Tell Us Your Story – 2015 competition winners

National Winner – Emma from South Australia

The community I want REALLY is at my front door!

Three years ago I moved into a somewhat disconnected, housing trust suburb with an aging population. I was inspired to run a Neighbour Day event to promote a more connected community and further develop community safety and engagement.

I thought about running it in my street, but then realised I was passionate about ALL the people in my suburb – so I invited everyone! This year I ran my second Neighbour Day event, letterboxing the whole suburb to invite them along to a morning tea in the park!

Being young, I hoped to be able to connect with some of the people who had lived in the area for a number of years, and new families moving in like myself – and I did and it was GREAT! As I chatted with the neighbours, some approached our park morning tea tentatively, but left happy, with full tummies and feeling connected having met new people.

They were so thrilled to have an avenue to get out of the house and connect with new people, meet new families and have an avenue to share ideas about creating a more vibrant and safe community. I spent hours preparing a delicious morning tea for everyone as I didn’t want there to be any barriers to people being able to come along and share with us.

I also included an opportunity for people to put their details down to be included in future events and give feedback on the event and their feeling about our neighbourhood. I had great feedback that people thought it was brilliantly organised, a great idea and they were keen to sign up in other ways to support our neighbourhood be more safe, green and vibrantly connected! (My three passions for the area)

I was able to send them details about volunteering opportunities in the area (as I am also a graffiti removal volunteer and have run a Clean Up Day here too) and fed the feedback from the community anonymously into the local council to help them make informed decisions based on its people.

As a grass roots event I have great hopes to run this year on year and see those who are isolated in my community, connected and those who are new to feel welcome and safe, surrounded by a vibrant group of neighbours. It really is true, I started this out all on my own, and it took a huge effort to pull the event together – but the community I want REALLY is at my front door!


State and Territory winners


Winner – Cameron (aged 10)

I think my neighbourhood is special

I think my neighbourhood is special because every afternoon – when a school day doesn’t follow –most of us head out the front. As the adults sit and talk, we kids play on our neighbour’s trampoline.

Every time it rains we play in the puddles and fill up buckets and wheelbarrows with water. Then we fill up our guns with the water and have a big water fight.
In our street there are lots of big shady leopard trees. They are great for playing underneath. We earn ice blocks for cleaning up the seed pods that lie on the road.

We all have beautiful gardens in our street and we share plants with each other.

In our neighbourhood when someone goes away on holiday someone else looks after their house, rubbish bins and mail. We also take care of their pets.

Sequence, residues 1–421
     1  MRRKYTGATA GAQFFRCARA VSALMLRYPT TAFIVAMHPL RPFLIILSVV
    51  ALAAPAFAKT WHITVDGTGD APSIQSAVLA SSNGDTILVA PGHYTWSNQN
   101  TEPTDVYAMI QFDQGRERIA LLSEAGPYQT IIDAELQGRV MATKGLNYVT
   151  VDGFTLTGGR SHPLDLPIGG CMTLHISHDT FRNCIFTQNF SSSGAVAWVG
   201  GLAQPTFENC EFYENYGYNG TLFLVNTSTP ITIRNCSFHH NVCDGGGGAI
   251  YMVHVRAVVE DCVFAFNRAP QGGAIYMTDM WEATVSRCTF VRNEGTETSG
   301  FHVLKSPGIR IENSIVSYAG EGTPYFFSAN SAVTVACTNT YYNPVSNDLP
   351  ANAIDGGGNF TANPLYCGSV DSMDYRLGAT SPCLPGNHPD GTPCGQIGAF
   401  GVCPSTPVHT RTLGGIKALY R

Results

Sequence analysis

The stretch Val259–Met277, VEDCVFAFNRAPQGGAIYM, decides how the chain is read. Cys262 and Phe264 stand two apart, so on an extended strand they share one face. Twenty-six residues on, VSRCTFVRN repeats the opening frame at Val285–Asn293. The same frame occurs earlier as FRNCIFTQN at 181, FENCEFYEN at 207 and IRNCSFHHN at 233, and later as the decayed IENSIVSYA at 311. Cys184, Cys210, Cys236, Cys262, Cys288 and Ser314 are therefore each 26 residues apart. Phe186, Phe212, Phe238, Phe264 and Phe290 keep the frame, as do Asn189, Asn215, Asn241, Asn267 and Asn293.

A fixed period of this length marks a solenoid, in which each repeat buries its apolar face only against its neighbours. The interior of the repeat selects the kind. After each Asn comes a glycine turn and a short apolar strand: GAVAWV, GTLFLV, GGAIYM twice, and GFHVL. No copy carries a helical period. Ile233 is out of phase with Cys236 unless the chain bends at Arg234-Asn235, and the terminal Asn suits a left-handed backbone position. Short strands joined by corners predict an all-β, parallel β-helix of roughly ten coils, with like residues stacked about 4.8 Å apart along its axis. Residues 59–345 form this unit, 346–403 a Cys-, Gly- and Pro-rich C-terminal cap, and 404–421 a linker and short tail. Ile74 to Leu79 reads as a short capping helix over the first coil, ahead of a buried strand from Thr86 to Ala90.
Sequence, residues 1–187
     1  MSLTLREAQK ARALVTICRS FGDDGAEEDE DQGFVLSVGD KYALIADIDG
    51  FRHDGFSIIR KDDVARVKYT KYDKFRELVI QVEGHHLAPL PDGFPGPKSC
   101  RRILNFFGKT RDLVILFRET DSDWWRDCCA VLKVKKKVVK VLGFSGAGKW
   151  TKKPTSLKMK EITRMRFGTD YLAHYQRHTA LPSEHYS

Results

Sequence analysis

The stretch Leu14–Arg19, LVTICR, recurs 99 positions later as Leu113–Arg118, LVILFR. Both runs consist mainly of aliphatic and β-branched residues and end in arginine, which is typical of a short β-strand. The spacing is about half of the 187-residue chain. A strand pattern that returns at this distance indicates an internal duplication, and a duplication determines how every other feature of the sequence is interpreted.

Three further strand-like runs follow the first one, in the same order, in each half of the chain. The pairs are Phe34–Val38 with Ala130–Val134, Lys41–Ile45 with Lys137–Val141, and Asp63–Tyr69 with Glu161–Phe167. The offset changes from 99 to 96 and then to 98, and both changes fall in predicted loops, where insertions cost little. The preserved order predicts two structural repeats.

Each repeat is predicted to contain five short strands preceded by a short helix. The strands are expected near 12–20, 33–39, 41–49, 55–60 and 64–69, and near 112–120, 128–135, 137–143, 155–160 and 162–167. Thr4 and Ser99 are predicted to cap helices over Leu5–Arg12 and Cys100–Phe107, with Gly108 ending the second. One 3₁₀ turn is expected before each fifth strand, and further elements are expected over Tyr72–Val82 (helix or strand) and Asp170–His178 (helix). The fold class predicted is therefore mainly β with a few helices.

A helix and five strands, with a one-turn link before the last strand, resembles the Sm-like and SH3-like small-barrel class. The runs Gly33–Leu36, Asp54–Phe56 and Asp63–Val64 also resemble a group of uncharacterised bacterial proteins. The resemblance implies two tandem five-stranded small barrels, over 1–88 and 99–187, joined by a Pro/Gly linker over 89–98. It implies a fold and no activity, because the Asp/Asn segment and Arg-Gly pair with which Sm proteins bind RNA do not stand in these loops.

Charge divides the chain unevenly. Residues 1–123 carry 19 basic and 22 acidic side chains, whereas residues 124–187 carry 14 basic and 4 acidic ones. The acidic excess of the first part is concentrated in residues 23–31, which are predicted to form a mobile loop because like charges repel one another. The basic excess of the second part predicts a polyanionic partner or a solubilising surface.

On New Year’s Eve the kids play and the adults sit around talking all the time. We also have a barbeque on the street with all our neighbours. On Australia day we have a sausage sizzle. During Easter we give chocolate Easter Eggs and chocolate Easter bunnies to our friends in the neighbourhood. We also give presents to each other during Christmas and there is also a magnificent Christmas light show. Lots of cars come.

When it’s someone’s birthday in the neighbourhood we have a party for them. We get them presents and have a cake. For my birthday, Mum took a photo of me then put it on paddle pop sticks. She hid them in the garden and when we found them we got a chocolate or a lolly.

There are two parks really close to our street which we go to a lot. They are called Pooh Bear and Sovoda Parks. We are able to walk to our local school which is only about 2km or 10 minutes away. It is good exercise.

Over the road from us is a big old house that is being knocked down. There are going to be five new houses built. We organised a petition to try and avoid that. We held meetings and lots of neighbours came but sadly we lost. I guess we’ll get some new neighbours to have fun with now.

Every afternoon, heaps of dogs go past on their walk. Our neighbour’s dog has lots of friends. There’s Ruby, who is so lazy that she has a pram to ride in. She actually has arthritis. Then there’s the General, whose owner drives beside him on a motorised wheel chair. He is sort of a poodle. Next, there’s Hairy McClarey who is really hairy. Lastly, there’s Jacky who’s very scared of us when we try to pat him. We love the dog parade.

So that’s why I think my neighbourhood is special.


Winner – Jan

Building a community where we look out for each other is a priority

We have been living in our current house for just on three years now, but we didn’t know many of our neighbours.  This is the first time we have hosted a Neighbour Day party and we were overwhelmed by how many people came.

We put it down to the personal touch where my husband and son knocked on each door to hand deliver the invitations.  We asked everyone to bring a plate to share, which made it very easy to host. We simply provided the venue, fire pit, drinks, music and good company.